According to the report, Turkey’s strengths lie in the “engagement” sub-index, where it performs “particularly well in development assistance, its willingness to resettle millions of refugees, and permanent missions to multilateral organizations”. The index also highlights the intelligent use that Turkey has made of Turkish Airlines, serving as a very strong brand ambassador.


Turkey as Nation Brand

How good is Turkey’s performance as Nation Brand?

In 2017 Turkey ranked rather high –24th—in the Nation Brands index, two positions up from 2016. The estimated value of the nation brand in 2017 was 570bn US$, which is 20% more than the previous year.

In Bloom Consulting’s 2017 Digital Country Index Turkey is ranked 18th, showing little variation compared to the 2015 edition (17th). This ranking, which is based on globally made online requests, shows that the biggest volume of searches related to Turkey has to do with tourism (10th), exports (17th), while talent (35th) and prominence (37th) are less sought after in the online requests concerning Turkey.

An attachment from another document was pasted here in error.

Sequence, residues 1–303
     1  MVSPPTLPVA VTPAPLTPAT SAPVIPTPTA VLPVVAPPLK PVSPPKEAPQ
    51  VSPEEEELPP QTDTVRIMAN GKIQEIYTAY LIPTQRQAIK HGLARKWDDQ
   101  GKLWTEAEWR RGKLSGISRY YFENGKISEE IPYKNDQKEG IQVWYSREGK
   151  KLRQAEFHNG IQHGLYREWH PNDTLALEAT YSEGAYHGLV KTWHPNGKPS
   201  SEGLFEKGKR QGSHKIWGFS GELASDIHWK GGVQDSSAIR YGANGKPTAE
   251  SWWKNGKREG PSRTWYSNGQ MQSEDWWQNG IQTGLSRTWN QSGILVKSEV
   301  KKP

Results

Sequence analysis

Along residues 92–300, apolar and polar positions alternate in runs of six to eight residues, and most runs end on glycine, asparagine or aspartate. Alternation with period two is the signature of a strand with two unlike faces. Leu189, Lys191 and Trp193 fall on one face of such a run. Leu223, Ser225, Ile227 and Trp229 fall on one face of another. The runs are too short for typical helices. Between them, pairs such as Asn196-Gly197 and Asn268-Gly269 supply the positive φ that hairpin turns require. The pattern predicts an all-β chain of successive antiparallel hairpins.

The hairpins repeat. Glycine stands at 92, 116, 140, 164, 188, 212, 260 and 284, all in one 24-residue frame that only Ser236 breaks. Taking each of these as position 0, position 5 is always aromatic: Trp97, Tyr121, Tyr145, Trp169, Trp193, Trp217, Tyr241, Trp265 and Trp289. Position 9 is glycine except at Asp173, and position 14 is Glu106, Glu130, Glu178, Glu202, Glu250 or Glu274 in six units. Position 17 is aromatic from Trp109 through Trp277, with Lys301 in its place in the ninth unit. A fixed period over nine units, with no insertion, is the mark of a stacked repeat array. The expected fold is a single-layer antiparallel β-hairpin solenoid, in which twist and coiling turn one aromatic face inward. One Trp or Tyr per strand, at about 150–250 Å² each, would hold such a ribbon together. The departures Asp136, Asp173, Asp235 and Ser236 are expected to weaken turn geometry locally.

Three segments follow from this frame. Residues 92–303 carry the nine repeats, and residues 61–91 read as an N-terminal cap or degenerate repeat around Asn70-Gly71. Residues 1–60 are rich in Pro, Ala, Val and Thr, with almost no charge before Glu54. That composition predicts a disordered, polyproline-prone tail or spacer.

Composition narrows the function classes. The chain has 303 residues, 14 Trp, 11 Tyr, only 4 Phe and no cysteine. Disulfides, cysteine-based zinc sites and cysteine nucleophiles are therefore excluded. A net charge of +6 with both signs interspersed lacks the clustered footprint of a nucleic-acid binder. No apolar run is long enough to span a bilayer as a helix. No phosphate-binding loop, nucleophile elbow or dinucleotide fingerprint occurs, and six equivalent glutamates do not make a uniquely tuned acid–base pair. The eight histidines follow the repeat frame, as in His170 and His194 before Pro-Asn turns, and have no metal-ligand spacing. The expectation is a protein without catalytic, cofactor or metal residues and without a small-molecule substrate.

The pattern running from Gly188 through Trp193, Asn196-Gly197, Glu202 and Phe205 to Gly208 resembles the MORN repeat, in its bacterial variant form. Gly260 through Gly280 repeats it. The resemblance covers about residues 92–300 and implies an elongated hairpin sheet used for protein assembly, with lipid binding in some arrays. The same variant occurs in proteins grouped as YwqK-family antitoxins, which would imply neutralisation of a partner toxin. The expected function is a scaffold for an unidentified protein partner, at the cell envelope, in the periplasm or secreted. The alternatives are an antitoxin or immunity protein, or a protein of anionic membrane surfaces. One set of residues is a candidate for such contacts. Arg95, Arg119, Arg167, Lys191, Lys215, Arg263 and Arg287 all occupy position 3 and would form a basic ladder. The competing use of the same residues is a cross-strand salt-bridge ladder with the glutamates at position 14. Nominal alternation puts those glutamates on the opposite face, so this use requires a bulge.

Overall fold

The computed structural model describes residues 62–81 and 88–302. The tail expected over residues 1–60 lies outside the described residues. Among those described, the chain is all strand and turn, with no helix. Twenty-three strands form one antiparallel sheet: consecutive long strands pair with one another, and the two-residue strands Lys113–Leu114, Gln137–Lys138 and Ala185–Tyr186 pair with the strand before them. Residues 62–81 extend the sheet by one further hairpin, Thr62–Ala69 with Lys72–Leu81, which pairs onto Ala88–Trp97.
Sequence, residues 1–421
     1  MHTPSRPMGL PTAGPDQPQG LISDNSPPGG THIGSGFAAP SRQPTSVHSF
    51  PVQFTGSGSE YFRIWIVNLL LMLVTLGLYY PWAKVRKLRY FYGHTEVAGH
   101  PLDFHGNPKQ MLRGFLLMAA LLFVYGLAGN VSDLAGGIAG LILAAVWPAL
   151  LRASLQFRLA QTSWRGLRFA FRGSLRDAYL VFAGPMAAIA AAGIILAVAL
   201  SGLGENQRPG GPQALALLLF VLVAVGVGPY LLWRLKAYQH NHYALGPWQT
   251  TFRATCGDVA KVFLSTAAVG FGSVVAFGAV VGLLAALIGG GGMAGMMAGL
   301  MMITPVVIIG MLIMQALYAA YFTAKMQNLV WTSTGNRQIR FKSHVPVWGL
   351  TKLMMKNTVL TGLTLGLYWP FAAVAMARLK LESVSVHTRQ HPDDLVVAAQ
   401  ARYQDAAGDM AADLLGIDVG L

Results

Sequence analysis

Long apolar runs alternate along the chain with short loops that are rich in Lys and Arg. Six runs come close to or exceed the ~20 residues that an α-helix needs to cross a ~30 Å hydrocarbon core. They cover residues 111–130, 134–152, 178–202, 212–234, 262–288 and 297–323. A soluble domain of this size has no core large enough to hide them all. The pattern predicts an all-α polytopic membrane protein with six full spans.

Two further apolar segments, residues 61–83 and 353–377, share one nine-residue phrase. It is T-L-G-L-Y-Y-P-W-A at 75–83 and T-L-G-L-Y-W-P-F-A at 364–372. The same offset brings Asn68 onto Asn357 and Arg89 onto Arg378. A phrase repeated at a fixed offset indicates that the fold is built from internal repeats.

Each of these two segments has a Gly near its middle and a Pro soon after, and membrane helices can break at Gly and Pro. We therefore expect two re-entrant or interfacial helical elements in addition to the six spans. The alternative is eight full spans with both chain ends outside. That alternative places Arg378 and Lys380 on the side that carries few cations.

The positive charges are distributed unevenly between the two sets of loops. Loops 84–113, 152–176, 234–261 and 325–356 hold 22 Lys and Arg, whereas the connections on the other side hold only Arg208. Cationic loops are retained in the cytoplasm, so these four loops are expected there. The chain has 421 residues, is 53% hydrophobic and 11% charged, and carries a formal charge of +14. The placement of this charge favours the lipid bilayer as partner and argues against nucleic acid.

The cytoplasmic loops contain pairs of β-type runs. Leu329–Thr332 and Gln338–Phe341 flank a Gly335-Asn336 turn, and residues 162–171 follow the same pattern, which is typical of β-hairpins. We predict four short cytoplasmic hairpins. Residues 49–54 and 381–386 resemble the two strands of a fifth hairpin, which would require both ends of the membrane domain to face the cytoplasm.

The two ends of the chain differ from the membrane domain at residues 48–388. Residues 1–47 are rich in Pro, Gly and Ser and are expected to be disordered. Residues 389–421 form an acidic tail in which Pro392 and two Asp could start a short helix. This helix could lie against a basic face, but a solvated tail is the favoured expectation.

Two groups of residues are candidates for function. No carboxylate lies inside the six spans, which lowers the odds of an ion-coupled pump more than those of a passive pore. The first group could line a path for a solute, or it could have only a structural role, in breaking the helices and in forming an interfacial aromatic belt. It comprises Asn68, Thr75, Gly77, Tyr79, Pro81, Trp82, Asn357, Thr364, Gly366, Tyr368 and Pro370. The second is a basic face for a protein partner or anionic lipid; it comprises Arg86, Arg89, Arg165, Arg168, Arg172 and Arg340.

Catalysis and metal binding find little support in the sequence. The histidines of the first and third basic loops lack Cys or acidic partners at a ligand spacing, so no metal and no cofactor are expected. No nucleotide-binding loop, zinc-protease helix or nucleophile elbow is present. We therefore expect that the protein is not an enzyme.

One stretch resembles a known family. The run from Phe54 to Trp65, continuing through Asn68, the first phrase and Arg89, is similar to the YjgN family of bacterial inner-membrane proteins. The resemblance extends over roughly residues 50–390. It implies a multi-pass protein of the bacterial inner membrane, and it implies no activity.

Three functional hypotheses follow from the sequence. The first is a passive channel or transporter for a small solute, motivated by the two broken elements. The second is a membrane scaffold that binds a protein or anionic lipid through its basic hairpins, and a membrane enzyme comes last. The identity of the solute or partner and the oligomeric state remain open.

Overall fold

Turkey a Good Country?

Good Country Index

Turkey ranks 38th in the latest Good Country Index. Its best (but not necessarily good) result is for the country’s contribution to improving world order (39th) and prosperity and equality (40th). Its performance of improving global well-being through culture (75th) and international peace and security (78th) is evaluated more critically.

In comparison to the first edition of the index, Turkey’s position has improved considerably, from 79th (in the version 1.0) to the current 38th position.


Talent in Turkey

How is Turkey’s performance in attracting and retaining talent?

The Global Talent Competitiveness Index 2018 ranks Turkey 68th for its efforts of improving and retaining talent in the country. Turkey’s score is highest for global knowledge skills (47th) and lowest in the dimension of attracting talent (108th).


Analysis by Maria Lindmäe. Last updated February 2018.